The lawsuit stems from a 2015 investigation by the Public Disclosure Commission. That investigation alleged that during the 2012 campaign season, Eyman improperly transferred money raised for one measure to be used to promote another.
The long-smoldering investigation of Tim Eyman hit a flashpoint Friday as state Attorney General Bob Ferguson announced a $2.1 million lawsuit accusing the anti-tax activist of enriching himself with money donated to initiative campaigns.
The lawsuit also accuses Eyman of spending money donated for one initiative on a different initiative campaign in 2012.
Eyman and Citizen Solutions, a for-profit company, could face at least $1.8 million in penalties over the allegations, Ferguson said.
The attorney general is also asking that Eyman return more than $308,000 donated to the two campaigns, and that the courts restrict his role in future political campaigns.
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William Agazarm, an officer of Citizen Solutions, a signature-gathering firm involved in one of the 2012 campaigns, is also named in the lawsuit, as is Eyman’s corporation, Watchdog for Taxpayers.
The Attorney General’s Office filed the suit Friday in Thurston County Superior Court.
In a Seattle news conference, Ferguson accused Eyman of weaving an “elaborate web of unlawful financial transactions” and said Eyman “personally profited” from those transactions.
“These defendants demonstrate contempt for our campaign-finance laws, and they will be held accountable,” the attorney general said.
Mark Lamb, an attorney for Eyman, responded that Eyman has done nothing wrong “and the money he received was lawfully earned for the services he provided.”
“For all of the heated rhetoric earlier today, this dispute is simple: whether two transactions needed to be included on campaign reports,” Lamb said in an email. “The Attorney General believes they should, we do not.”
He also accused Ferguson of trying to create a “chilling” effect on Eyman’s activism by seeking to bar him from future political campaigns. Eyman has been a force in state politics for years, proposing numerous tax-limiting initiatives.
Ferguson’s lawsuit stems from a 2015 investigation by the state Public Disclosure Commission (PDC). That investigation alleged that during the 2012 campaign season, Eyman improperly used money raised for one measure, Initiative 1185, to advance another one, Initiative 517.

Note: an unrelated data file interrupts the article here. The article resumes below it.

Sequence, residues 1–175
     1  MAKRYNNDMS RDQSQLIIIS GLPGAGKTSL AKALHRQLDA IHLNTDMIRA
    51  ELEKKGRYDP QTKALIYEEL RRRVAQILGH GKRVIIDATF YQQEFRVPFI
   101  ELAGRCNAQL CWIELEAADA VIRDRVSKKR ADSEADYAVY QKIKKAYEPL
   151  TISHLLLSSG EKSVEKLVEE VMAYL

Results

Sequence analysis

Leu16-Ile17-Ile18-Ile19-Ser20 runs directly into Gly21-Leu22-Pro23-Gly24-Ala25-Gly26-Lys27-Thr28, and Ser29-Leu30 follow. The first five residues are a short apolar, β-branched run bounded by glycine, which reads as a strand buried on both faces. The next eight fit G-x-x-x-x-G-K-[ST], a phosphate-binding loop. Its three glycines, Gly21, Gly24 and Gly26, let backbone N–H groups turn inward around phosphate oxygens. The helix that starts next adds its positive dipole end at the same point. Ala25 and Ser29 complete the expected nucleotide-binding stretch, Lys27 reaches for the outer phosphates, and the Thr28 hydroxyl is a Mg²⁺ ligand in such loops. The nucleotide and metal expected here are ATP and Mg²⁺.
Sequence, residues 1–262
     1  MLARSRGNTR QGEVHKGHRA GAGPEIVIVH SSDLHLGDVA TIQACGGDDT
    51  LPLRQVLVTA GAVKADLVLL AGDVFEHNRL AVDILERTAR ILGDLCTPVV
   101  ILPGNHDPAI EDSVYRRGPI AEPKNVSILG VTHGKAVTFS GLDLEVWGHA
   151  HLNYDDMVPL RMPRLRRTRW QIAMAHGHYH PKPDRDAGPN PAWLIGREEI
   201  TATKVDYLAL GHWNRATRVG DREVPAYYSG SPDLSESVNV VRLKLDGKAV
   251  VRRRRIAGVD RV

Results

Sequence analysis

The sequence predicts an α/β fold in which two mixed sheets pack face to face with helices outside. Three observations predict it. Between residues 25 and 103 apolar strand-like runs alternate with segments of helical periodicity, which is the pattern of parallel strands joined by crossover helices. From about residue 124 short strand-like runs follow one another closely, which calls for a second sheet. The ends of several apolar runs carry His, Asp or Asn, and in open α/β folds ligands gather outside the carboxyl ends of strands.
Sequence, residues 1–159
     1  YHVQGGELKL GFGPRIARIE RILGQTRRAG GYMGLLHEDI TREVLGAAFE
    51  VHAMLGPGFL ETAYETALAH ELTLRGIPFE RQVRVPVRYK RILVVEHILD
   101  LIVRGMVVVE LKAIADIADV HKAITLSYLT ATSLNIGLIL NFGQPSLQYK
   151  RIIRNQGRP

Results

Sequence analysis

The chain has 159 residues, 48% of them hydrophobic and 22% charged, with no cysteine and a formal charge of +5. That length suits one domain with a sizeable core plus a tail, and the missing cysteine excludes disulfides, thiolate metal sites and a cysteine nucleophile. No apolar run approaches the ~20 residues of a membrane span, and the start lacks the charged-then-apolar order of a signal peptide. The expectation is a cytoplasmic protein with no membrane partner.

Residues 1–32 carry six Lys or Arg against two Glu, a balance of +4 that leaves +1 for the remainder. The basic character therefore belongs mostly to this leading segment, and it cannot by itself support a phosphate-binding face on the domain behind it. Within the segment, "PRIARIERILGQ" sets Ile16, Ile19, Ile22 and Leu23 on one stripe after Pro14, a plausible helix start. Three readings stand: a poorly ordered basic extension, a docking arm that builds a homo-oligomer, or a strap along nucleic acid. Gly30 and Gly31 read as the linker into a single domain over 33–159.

I-1185 sought to reinstate a law that required a two-thirds vote of the Legislature to raise taxes. It passed that November, but the state Supreme Court later struck it down.
I-517 aimed to strengthen the power of initiative groups. Ultimately unsuccessful, it would have prohibited interference with signature gatherers, and given campaigns an extra six months to gather signatures.
That campaign season, Voters Want More Choices, an organization in which Eyman is an officer, paid the company Citizen Solutions $623,000 between April 2012 and July 2012 to gather signatures for I-1185.
That July, Citizen Solutions paid $308,000 to Eyman and his company, Watchdog for Taxpayers. Records state that Eyman took about $190,000 of that money and lent it to another group, Citizens in Charge, which was promoting I-517.
Contributors to I-1185 included the Association of Washington Business and the Washington Food Industry Association, which represents grocery stores. Those groups did not intend for their money to be used for I-517.
The food-industry association feared that I-517 could lead to harassment of grocery-store shoppers by signature gatherers.
Meanwhile, Eyman kept the rest of the $308,000 — about $118,000 — to go toward personal expenses for himself and his family, according to records.
Neither the $308,000 payment to Eyman nor the $190,000 payment he made to Citizens in Charge was reported to the state, according to records. Ferguson’s lawsuit also alleges that Eyman didn’t consult with the other officers of Voters Want More Choices on many of the financial decisions between that group and Citizen Solutions.
After releasing its investigation in 2015, the PDC voted unanimously to refer the case to the Attorney General’s Office. That decision was made after PDC staff said penalties available for the commission to assess were too small for the allegations.
“This was one of the more egregious matters that we’ve seen,” commission chairwoman Anne Levinson said. “This was intentional. It was a pattern and it was done in a way that did a disservice to the public.”
The AG’s investigation stalled when Eyman refused to hand over documents sought by the state. At the time, Lamb said Eyman was reluctant to turn over records that might become public and grist for the anti-tax activist’s opponents.
But a Snohomish County judge last June ordered Eyman to comply with the Attorney General’s Office subpoenas demanding financial and business records.
A more recent investigation, stemming from a May 2016 complaint, alleges spending and disclosure violations surrounding videos made by a different Eyman campaign.